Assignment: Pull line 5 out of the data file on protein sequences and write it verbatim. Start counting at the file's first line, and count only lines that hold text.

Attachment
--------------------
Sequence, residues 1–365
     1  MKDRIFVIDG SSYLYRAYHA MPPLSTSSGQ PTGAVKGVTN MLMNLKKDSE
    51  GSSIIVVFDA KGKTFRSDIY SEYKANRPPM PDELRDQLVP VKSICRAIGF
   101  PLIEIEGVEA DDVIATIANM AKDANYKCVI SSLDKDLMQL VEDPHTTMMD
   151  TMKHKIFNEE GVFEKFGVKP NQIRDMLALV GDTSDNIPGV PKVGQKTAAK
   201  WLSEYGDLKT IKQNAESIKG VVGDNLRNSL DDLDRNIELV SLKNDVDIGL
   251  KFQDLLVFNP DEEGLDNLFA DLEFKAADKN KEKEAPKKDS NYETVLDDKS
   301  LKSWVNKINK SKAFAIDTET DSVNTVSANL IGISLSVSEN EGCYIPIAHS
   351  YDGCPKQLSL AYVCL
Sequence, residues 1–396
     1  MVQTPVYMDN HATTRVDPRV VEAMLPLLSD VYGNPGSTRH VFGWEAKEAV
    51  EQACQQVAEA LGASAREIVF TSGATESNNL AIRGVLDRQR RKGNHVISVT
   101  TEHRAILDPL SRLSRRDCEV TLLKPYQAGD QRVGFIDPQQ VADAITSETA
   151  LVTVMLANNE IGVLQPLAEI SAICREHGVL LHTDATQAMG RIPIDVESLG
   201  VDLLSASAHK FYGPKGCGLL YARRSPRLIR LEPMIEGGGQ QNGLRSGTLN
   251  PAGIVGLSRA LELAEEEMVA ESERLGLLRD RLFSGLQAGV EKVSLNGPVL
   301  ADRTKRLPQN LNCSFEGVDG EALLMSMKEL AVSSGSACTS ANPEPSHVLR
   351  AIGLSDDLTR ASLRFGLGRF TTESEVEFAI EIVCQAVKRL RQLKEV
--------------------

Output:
   151  TMKHKIFNEE GVFEKFGVKP NQIRDMLALV GDTSDNIPGV PKVGQKTAAK